Z Z ? ; Z=0 \ T T ? ; T=0 \ -1 P ? ; P=1 \ 1 N ? ; N=-1 \ 32 SP ? ; SP=-32 \ ( FREE VARIABLES ) \ @a -14 \ @b -15 \ @c -16 \ @d -17 \ @e -18 \ @f -19 \ @g -20 \
    ( MACRO VARIABLES ) \ @t -21 ; Macro temporary variable \ @w -22 ; Word width test \ @TOP_OF_FREE_RAM -33 \ ( POINTER TO POINTER COPY EQUATES ) \ @PPC -32 \ @NDATA -23 \ @SRC -32 \ @DST -28 \ @RTN -24
    ( Load Pointer to Pointer Copy to RAM ) #define LoadPPC() \ ( POINTER TO POINTER COPY EQUATES ) \ @NDATA -23 \ @SRC -32 \ @DST -28 \ @RTN -24 \ ( POINTER TO POINTER COPY ROUTINE LINES ) \ @PPC_L1 -32 ; SRC \ @PPC_L2 -31 ; NDATA \ @PPC_L3 -30 ; ? (=PPC_L4) \ @PPC_L4 -29 ; NDATA \ @PPC_L5 -28 ; DST \ @PPC_L6 -27 ; ? (=PPC_L7) \ @PPC_L7 -26 ; T \ @PPC_L8 -25 ; T \ @PPC_L9 -24 ; RTN \ ( COPY ROM CODE TO RAM - THE HARD WAY ) \ PPC_L1 PPC_L1 ? \ T T ? \ PPC_D1 T ? \ T PPC_L1 ? \ PPC_L2 PPC_L2 ? \ T T ? \ PPC_D2 T ? \ T PPC_L2 ? \ PPC_L3 PPC_L3 ? \ T T ? \ PPC_D3 T ? \ T PPC_L3 ? \ PPC_L4 PPC_L4 ? \ T T ? \ PPC_D4 T ? \ T PPC_L4 ? \ PPC_L5 PPC_L5 ? \ T T ? \ PPC_D5 T ? \ T PPC_L5 ? \ PPC_L6 PPC_L6 ? \ T T ? \ PPC_D6 T ? \ T PPC_L6 ? \ PPC_L7 PPC_L7 ? \ T T ? \ PPC_D7 T ? \ T...
    Read more »

  • Self Modifying Code

    agp.cooper06/11/2017 at 03:03 0 comments

    Self Modifying Code - Part 1

    TTA (Transport Triggered Architecture) and SUBLEQ can use pointer but it requires the use self modifying code. Reading data from a memory location to a variable called DATA from an address stored in (pointed to by) a variable called ADDR is an example. We can write it as:

    • DATA = [ADDR]

    Not to be confused with copy or move:

    • DATA = ADDR

    DATA = [ADDR] can be coded as:

    T T ?       ; T=0
    PTR PTR ?   ; PTR=0
    ADDR T ?    ; T=-ADDR
    T PTR ?     ; PTR=ADDR
    T T ?       ; T=0
    PTR: T T ?  ; T=-PTR (self modifying code)
    DATA DATA ? ; DATA=0
    T DATA ?    ; DATA=[ADDR]

    Although the assembler thinks the first T on the PTR: line is real and initially set with the address of "T", the code above overwrites the address with the value held in ADDR. The only problem is that code cannot reside in ROM (as it is self modifying).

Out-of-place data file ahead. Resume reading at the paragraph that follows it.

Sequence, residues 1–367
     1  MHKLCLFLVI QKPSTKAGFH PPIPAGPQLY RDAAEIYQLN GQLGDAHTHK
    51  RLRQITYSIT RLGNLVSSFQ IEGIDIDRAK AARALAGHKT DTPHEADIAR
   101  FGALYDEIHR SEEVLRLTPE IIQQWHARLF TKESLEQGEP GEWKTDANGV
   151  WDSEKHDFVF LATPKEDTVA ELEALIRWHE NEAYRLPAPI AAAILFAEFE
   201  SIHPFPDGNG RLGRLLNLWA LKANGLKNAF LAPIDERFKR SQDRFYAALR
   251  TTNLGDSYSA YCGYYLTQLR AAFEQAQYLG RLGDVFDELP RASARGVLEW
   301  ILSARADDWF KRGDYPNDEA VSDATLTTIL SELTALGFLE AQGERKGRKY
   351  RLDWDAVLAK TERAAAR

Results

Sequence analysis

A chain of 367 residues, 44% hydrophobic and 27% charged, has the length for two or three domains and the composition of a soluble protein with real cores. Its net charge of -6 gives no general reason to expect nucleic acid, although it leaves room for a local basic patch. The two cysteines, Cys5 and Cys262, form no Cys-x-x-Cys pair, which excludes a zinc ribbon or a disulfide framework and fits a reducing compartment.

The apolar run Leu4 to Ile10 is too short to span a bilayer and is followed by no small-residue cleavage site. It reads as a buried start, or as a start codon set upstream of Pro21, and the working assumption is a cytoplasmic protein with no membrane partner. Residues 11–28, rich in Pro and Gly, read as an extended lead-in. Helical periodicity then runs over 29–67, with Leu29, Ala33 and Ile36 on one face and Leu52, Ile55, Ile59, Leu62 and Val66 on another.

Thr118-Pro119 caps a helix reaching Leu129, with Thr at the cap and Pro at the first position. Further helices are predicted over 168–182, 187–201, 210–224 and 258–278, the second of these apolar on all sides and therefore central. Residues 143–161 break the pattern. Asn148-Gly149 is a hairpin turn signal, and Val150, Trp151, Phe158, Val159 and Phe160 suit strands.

A more general form would be:

    • Copy [SRC] to [DST]

    This would be coded as:

    SRC_PTR SCR_PTR ?         ; Copy SRC to SRC_PTR
    T T ?
    SRC T ?
    T SRC_PTR ?
    
    DST_PTR DST_PTR ?         ; Copy DST to DST_PTR
    T T ?
    DST T ?
    T DST_PTR ?
    
    NDATA NDATA ?             ; COPY [SRC] TO NDATA TO [DST]
    SRC_PTR: SRC_PTR NDATA ?  ; SELF MODIFYING CODE
    NDATA DST_PTR: DST_PTR ?  ; SELF MODIFYING CODE
    
    T T RTN                   ; RETURN

    Getting code in ROM to RAM without self modifying code is tricky, but first an assembler update.

    Assembler Updated

    SYNTAX

    A space is required between tokens.

    SUBLEQ defined variables:

    • Z ( Zero, if used must be cleared after use )
    • T ( Temp, must be cleared before use )

    SUBLEQ defined constants (value should not be changed):

    • N ( Negative or -1 )
    • P ( Positive or +1 )

    Comments:

    • ( begin in-line comment
    • ) end in-line comment
    • ; end of line comment

    Address Labels:

    • . next address
    • ? next address
    • label label for address reference or variable
    • .label variable (location) for label (compiler sets address)
    • label: address reference (goto location) for label (compiler sets address)
    • @label absolute (fixed) address for label (no code generated)

    Constants and Literals:

    • Digits constant (example "1")
    • -? constant (example "-1")
    • -? literal (example "-end")